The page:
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Flight of the Concord: Charlie Thannhaeuser, CEO and founder of Concord Blue

Charlie Thannhaeuser, CEO and founder of Concord Blue speaks with Acuris Capital Intelligence about the company’s financing strategy and growth plans for the year as it gears up to launch the first of its waste-to-hydrogen conversion platforms. 

Interview by Patrick Costello

Q. What is your operational outlook for 2022? 

Concord Blue is currently creating its first waste-to-hydrogen conversion platform, called Platform One, which consists of five separate locations across northwest Germany, mostly at waste-handling sites. We choose site locations that are already permissive for waste handling and close 20-year supply contracts to deliver the waste. We also want to be near major hydrogen offtake sources to be close to potential customers.

Our main goal for this year is to close the remaining financing for Platform One. We are looking to raise €560 million in total, of which we have already secured €280 million from investors managed by Verdantf. In the meantime, we have begun engineering Platform One and will start the final kick-off after we have obtained the remaining financing. If all goes according to plan, Platform One should go live later this year.

Q. What risks do you see to this outlook? 

The biggest risk is that we don’t get the funding but it doesn’t look like that will be the case. We already have a strong partner onboard for Platform One and we would still be in quite a strong position if we just started with one of our five sites in Germany and built off on that.

Because the hydrogen market took longer than expected to take off, we have had a lot of time to prepare and do our homework well in the past few years. For everything else—be it developing the technology, engineering the platforms, optimising the process or filing for patents—we are very well positioned to take the next steps.

Q. How have the pandemic and Russia’s invasion of Ukraine affected the business? 

The first year of the pandemic had an impact on us and it slowed down our growth as many companies for a time were focused on dealing with COVID-19 and not taking meetings for other projects for months.

In contrast, the Ukraine crisis has been a catalyst for what we are doing. We are not just offering an intermediate or bridge technology to address the energy crisis. We are a long-term solution in the transition away from fossil fuels—especially foreign fossil fuels—and to decentralised, locally produced and emission-free fuels.

Q. How has the market’s perception of Concord Blue’s technology changed in recent months? 

We have certainly seen an uptick in interest. We see that at conferences, for example, where companies are more receptive to our solution than in the past. We also now have some of the world’s largest institutions calling us, either because they have a waste stream they are looking to monetise or because they have a need for our hydrogen, such as steel companies. We are seeing heightened interest from funding sources as well.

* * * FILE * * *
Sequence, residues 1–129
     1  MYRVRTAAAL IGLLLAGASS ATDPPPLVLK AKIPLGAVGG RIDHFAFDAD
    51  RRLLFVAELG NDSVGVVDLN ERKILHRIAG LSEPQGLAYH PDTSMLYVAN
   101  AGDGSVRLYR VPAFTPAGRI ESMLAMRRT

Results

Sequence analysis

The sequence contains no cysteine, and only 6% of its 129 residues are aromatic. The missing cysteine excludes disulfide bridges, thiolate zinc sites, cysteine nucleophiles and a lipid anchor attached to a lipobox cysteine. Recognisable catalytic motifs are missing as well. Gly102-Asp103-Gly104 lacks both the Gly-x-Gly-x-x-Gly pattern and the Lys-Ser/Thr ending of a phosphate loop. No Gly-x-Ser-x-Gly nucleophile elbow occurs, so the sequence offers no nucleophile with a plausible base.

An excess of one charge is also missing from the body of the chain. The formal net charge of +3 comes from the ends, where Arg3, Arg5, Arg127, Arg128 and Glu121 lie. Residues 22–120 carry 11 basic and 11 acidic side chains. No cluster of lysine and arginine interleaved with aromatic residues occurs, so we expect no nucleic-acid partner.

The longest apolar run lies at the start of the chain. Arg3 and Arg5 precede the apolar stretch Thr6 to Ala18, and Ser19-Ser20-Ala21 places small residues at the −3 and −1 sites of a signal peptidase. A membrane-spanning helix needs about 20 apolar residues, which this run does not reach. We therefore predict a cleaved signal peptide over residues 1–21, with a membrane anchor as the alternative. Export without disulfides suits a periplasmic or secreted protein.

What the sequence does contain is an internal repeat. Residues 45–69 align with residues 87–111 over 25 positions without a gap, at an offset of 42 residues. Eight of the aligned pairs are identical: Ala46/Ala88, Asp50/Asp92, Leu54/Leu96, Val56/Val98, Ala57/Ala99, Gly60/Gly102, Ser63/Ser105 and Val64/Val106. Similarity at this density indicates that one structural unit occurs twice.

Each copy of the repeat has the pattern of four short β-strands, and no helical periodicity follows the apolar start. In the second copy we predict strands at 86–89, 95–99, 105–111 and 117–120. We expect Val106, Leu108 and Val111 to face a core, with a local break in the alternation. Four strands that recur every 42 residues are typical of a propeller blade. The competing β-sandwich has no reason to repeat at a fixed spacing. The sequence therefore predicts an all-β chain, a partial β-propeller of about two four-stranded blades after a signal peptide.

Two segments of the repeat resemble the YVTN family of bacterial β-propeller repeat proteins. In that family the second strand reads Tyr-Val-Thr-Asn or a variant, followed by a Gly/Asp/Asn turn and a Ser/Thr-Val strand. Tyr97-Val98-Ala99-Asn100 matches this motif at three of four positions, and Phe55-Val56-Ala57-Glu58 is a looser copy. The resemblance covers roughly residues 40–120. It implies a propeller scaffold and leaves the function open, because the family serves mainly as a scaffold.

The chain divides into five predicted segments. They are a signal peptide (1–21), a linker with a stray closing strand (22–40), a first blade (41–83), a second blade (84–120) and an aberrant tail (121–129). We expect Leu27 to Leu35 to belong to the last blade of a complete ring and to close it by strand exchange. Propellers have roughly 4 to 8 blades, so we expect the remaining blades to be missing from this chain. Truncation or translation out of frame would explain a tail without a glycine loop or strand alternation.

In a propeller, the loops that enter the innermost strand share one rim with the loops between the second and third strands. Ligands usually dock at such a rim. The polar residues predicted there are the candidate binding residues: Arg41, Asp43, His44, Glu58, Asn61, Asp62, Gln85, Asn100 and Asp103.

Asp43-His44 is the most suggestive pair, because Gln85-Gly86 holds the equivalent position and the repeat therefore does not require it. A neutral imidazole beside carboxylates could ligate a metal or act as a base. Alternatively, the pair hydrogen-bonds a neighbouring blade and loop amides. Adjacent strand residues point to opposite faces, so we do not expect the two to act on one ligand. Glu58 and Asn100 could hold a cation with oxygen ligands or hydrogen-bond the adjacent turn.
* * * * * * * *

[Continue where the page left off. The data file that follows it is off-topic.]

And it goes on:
Q. In terms of fundraising, what types of capital look most attractive in the current environment? 

Debt is the most valuable type of capital for us, and it is an option we have been exploring more intently in the past few weeks. Initially we thought our €560 million fundraise would be an all-equity ticket, which also would have been the faster route, but now it looks like debt is a real possibility. The project returns are so attractive that we can even afford a bit more expensive debt, which is worthwhile because we then retain equity in the platform and make money from selling hydrogen as a co-owner rather just being a technology provider, as would be the case with equity.

Q. Can you tell us more about your debt raising plans and the current debt environment? 

Debt could ultimately be between 50%-75% of our total fundraise and our advisors at Saxenhammer, led by Martin Bloch, are helping us make the most of this process. We are not looking for one-off sources of funding, but for a long-term partner to roll out our solution globally.

In terms of the environment, this is really the result of what’s happened in the hydrogen space recently. For years, there was a bit of scepticism about whether hydrogen was here to stay, but the sentiment has changed. I believe that scepticism is no longer there. We speak to a lot of other players in the hydrogen space, and everyone seems to say the same thing. Namely, that this niche industry is in a unique place right now with a lot of tailwinds. There is a willingness among investors and groups to get involved that would not traditionally have been interested in this kind of play before.

A bit of background: Charlie Thannhaeuser is the CEO and founder of Concord Bluea German-US energy technology firm developing waste-to-hydrogen platforms that use a patented waste-conversion technology, called steam thermolysis, to transform various forms of waste into renewable fuels, including hydrogen and electricity.